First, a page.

Ultimately, Nintendo was blindsided by the explosion of the tablet market. Had iPad and its ilk not gotten so much traction (and gotten so damn cheap so damn fast) it’s possible that Wii U’s tablet-style approach to personalized game screens might have found a niche to fill. Instead, it just didn’t fit in anywhere, and Nintendo didn’t succeed with any consumer group that it went after. Its play to get hardcore gamers back into the Nintendo fold was a non-starter, even though it got most major third parties like Electronic Arts, Activision, Warner, and Ubisoft to port their games like Mass Effect and Batman to Wii U. But on the other side, kids and families were happy with their mobile devices. And I still can’t believe it took Nintendo three years before it had Minecraft.
In trying to please too many groups, Wii U ended up as a machine for nobody, and that’s who it sold to: at less than 14 million units, Wii U is the company’s lowest-selling game console, and it’s not even a close race (the next-highest, GameCube, sold nearly 23 million).
This is not to say that Wii U was an unmitigated disaster. There were mitigations. Yes, some of the dual-screen implementations made the games noticeably worse (sorry, Star Fox), but that’s not the case with Super Mario Maker, which simply wouldn’t have been possible without the marriage of a touchscreen and a television. And Nintendo did pull off something it hasn’t done in a long time on Wii U—introduce a brand-new game franchise that becomes very popular, namely Splatoon. Of course, Splatoon could have happened on any platform; it didn’t need the Wii U’s weirdness to be fun.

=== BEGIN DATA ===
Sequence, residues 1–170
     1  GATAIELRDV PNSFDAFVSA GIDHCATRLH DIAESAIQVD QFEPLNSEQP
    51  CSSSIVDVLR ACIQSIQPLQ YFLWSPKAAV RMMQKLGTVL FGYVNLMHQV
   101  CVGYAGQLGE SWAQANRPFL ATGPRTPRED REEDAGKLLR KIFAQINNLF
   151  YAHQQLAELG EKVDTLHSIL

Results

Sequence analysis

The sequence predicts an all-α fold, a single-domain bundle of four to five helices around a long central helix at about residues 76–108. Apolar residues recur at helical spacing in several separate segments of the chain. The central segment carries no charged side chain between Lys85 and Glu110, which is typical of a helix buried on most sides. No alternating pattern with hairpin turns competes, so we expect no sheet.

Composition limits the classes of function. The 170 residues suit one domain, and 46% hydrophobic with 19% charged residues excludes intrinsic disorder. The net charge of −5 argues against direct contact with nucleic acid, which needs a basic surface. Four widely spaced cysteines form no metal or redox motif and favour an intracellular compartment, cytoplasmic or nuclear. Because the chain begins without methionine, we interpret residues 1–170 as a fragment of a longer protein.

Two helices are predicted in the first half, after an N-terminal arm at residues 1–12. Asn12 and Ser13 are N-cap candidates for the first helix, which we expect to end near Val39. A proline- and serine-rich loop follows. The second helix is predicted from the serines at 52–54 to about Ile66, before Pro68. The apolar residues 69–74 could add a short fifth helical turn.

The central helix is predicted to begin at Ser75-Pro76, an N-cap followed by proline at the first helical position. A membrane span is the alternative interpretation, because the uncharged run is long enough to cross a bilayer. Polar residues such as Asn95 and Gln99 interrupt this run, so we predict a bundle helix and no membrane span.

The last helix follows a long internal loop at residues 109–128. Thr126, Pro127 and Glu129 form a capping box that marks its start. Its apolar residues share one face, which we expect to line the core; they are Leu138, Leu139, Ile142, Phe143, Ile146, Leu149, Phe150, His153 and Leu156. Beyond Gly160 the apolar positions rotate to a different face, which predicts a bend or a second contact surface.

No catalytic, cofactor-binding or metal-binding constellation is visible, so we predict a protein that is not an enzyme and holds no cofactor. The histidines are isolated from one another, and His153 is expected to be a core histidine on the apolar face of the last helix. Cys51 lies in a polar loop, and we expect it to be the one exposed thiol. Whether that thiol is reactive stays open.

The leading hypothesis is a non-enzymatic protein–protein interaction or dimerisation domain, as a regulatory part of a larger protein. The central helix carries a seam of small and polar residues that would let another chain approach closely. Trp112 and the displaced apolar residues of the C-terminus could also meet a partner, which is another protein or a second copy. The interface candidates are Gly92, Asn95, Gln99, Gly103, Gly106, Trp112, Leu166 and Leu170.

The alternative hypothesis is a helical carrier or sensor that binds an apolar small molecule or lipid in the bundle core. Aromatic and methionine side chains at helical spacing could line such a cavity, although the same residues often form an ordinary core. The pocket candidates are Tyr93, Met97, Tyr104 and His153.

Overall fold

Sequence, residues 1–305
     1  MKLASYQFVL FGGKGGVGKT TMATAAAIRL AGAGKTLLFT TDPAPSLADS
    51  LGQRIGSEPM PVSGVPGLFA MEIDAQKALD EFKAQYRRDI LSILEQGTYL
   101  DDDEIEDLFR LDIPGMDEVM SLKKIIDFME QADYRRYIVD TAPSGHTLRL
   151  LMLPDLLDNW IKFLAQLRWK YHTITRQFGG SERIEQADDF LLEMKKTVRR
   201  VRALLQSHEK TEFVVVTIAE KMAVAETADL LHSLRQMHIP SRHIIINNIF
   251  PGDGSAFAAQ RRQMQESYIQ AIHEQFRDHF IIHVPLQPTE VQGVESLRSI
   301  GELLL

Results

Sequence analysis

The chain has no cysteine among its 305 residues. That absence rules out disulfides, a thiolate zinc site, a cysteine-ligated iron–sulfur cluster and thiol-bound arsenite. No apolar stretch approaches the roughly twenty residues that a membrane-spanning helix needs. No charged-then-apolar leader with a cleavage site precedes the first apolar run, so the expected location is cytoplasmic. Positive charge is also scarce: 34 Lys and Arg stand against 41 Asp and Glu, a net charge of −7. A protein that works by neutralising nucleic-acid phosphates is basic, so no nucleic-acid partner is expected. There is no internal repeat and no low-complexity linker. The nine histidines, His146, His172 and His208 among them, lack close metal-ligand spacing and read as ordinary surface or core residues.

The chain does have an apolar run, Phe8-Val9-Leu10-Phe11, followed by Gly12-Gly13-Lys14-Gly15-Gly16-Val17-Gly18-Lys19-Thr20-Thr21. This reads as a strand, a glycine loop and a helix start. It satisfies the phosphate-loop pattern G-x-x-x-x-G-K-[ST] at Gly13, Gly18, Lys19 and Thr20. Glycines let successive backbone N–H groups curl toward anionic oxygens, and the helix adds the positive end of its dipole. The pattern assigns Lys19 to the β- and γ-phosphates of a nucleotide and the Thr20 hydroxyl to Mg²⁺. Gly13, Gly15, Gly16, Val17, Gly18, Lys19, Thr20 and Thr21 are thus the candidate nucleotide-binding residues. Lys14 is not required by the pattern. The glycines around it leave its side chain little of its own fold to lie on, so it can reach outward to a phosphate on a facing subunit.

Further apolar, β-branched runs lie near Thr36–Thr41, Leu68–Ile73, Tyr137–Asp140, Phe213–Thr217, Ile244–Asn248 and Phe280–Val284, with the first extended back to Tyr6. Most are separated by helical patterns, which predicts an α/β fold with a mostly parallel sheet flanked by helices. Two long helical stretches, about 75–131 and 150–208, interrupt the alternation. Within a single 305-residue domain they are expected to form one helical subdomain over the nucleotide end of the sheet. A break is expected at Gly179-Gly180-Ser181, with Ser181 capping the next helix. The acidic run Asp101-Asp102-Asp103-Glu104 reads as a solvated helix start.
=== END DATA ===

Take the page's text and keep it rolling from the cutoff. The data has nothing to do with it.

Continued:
And that’s true of too many of Wii U’s titles. Who needed the GamePad for Bayonetta 2? For Mario 3D Land? Pikmin 3? Wii U leaves behind a small library of excellent Nintendo software—but what Nintendo platform hasn’t? I believe the rumors that many Wii U games will be ported to Switch, if only because not enough people have gotten to experience them, but also because the GamePad second-screen functionality is ultimately inessential to their enjoyment.
The Nintendo Switch seems to have been designed entirely to address the failings of Wii U. It has a second screen, but the machine itself is in the portable unit, meaning you can take it anywhere. It’s based on Nvidia’s well-known mobile architecture, which should make it much easier for developers to port their content to it. And dare I dream it might actually be relatively inexpensive? Only by trying what’s always worked and totally whiffing was Nintendo able to break free from its old ways and develop a radically different home system. And if the Switch is a huge success, would it all have been worth it?
But for now, it’s weird uncharted territory for Nintendo, one in which it’s barely even promoting its home game machine over a holiday season because there are no new games to talk about and they wouldn’t sell very many of them anyway. Credit to Nintendo for knowing when to jump ship and for effectively managing the decline of Wii U, and doing what it needs to do to get Switch into the marketplace fairly quickly—when Switch hits shelves, Wii U will be just a little bit past its 4th birthday. For any other platform, we might say it was gone too soon, but in Wii U’s case, I think everyone including Nintendo will be happy to bid it a swift farewell.